On the blog
On the Inera blog, we explain why NISO STS is a better choice than DITA for working with standards and dig into the details of our amazing Journal Database, used by both eXtyles and Edifix in processing journal references.
Find Inera at upcoming conferences
Chicago, IL, 30 May–1 June
Inera’s Elizabeth Blake, Bruce Rosenblum, and Sylvia Izzo Hunter will be attending this special 40th anniversary edition of the SSP Annual Meeting, and Bruce will be co-chairing a session with Christine Orr of Ringgold titled “Metadata and Persistent Identifiers through the Research and Publication Cycle.” We’re excited to announce that this session has also been chosen for SSP’s second annual Virtual Meeting track!
Attending SSP? We’d love to see you! Please contact us if you’d like to schedule a meeting.
Working with Word
Word Tip: Decimal-align numbers in a table
You have a table full of data, represented by numbers with varying numbers of digits. How do make them all align correctly, so that readers can easily see what’s up?
First, make sure you have your Ruler showing!
If you don’t see the Ruler across the top of your Word screen, click the View Ruler icon at the top of the vertical scrollbar:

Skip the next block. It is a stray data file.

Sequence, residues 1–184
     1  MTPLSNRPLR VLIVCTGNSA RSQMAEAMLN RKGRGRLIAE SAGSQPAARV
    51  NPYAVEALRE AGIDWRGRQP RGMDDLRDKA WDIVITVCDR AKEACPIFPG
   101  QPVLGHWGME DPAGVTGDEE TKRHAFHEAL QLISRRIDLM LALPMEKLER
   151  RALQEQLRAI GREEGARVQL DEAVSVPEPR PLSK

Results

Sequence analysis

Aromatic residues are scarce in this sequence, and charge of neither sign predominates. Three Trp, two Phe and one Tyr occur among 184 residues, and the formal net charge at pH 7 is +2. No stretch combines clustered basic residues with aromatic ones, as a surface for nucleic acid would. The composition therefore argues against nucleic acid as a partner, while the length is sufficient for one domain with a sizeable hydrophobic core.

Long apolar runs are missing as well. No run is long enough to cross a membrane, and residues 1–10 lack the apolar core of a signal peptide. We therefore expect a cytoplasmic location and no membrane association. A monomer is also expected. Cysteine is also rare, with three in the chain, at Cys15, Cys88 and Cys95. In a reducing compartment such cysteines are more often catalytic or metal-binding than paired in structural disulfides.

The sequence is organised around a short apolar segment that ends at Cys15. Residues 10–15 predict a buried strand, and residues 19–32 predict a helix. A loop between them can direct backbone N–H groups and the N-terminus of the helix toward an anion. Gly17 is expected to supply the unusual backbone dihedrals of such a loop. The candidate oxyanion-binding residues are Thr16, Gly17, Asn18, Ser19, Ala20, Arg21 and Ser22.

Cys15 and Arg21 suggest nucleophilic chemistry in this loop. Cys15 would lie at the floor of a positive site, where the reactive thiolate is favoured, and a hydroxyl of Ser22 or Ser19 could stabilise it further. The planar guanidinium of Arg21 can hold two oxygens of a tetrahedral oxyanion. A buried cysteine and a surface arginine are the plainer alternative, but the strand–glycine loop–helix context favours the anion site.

Alternatively, you can go to the View tab and check the Ruler box.
Once the Ruler is showing, select the table cells you want to decimal-align and look at the little black L in the top left-hand corner of your screen (at the other end of the Ruler):
This is the Tab indicator, and by default shows a left tab (the little L). By clicking on this button, you can toggle through other types of tab:
the Center tab (an inverted T-bar),
the Right tab (a backwards L),
and the Decimal tab (an inverted T-bar with a dot):
Once you get to the Decimal tab, go back to your Ruler and click at the point where you want the decimals to align.
That’s it! An inverted T-bar with dot will appear on the ruler, and the content in the selected table cells should now be aligned on the decimal. (If you don’t like how it turned out, click and drag the tab indicator on the Ruler until you do.)
Have an intractable Word problem you’d love to solve? Have a clever tip to share? Send it to us at email@example.com!